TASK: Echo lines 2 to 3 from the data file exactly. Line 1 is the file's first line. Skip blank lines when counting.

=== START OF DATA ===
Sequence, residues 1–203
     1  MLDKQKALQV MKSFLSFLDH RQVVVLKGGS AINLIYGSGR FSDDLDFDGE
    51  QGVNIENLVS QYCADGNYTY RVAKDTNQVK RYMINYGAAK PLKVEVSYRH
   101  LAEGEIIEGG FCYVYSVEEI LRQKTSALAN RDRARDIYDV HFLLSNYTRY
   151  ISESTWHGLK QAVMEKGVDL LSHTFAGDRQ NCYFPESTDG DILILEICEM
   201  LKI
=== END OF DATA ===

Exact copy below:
     1  MLDKQKALQV MKSFLSFLDH RQVVVLKGGS AINLIYGSGR FSDDLDFDGE
    51  QGVNIENLVS QYCADGNYTY RVAKDTNQVK RYMINYGAAK PLKVEVSYRH